WASHINGTON: US State Department documents released by whistle-blowing website WikiLeaks provided candid views of foreign leaders and sensitive information on terrorism and nuclear proliferation, the New York Times reported Sunday.
The Guardian and Le Monde also published the documents showing Chinese government operatives have waged a coordinated campaign of computer sabotage targeting the US and its allies. The WikiLeaks documents also show US Defense Secretary Robert Gates believes any military strike on Iran would only delay its pursuit of a nuclear weapon by one to three years, the Times said on its website.
The cables also showed that Iran has obtained sophisticated missiles from North Korea capable of hitting western Europe and the United States was concerned that Iran was using those rockets as “building blocks” to build longer-range missiles, the Times said.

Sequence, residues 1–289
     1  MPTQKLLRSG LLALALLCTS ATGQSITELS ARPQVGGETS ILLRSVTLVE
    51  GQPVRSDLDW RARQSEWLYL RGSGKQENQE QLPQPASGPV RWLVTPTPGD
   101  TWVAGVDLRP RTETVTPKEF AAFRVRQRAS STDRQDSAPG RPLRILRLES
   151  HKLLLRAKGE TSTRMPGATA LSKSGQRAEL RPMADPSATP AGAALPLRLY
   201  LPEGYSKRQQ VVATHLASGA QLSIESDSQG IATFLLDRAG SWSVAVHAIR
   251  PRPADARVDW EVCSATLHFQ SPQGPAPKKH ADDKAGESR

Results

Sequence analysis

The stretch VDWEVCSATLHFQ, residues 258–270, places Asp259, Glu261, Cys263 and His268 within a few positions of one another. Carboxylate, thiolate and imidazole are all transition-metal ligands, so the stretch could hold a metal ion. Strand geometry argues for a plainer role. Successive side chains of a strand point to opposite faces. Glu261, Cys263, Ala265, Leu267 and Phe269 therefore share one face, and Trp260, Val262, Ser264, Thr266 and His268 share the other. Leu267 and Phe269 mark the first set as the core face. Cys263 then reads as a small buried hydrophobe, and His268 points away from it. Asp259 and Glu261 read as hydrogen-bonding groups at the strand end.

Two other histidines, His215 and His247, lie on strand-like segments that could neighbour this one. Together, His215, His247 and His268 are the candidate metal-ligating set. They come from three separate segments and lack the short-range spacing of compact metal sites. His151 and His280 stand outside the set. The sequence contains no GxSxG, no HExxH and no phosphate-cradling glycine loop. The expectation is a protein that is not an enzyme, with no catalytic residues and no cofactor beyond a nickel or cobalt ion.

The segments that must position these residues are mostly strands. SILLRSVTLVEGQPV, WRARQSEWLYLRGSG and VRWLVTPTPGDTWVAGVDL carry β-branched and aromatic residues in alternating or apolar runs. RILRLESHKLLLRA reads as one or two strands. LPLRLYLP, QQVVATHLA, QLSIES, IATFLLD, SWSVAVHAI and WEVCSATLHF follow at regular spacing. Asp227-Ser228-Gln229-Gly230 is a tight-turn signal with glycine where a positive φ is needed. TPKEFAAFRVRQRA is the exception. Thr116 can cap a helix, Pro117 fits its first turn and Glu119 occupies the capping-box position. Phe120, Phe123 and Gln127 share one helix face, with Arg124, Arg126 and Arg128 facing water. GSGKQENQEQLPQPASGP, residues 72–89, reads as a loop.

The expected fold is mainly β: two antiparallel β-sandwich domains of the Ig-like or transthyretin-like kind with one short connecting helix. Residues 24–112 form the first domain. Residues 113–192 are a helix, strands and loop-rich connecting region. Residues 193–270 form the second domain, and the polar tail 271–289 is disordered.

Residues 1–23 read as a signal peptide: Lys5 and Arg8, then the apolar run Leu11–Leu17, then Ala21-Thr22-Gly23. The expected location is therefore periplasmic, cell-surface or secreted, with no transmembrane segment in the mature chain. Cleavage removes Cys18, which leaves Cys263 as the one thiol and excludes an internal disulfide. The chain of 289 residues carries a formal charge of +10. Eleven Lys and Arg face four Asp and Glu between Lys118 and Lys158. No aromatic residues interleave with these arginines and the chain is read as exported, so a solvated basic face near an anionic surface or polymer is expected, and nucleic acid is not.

The advanced missiles are much more powerful than anything US officials have publicly acknowledged that Iran has in its arsenal, the newspaper said.
The Pentagon immediately condemned WikiLeaks’ “reckless” dump of classified State Department documents and said it was taking steps to bolster security of US military networks.
The White House said the leak could compromise private discussions with foreign governments and opposition leaders and may put at risk the lives of named individuals living “under oppressive regimes.”
Echoing US concerns, Britain condemned the release of the documents. “They can damage national security, are not in the national interest and, as the US have said, may put lives at risk. We have a very strong relationship with the US government. That will continue.”
Earlier, WikiLeaks reported that its website was under attack, but said later that media outlets would publish some of the documents it had released even if the group’s website crashed.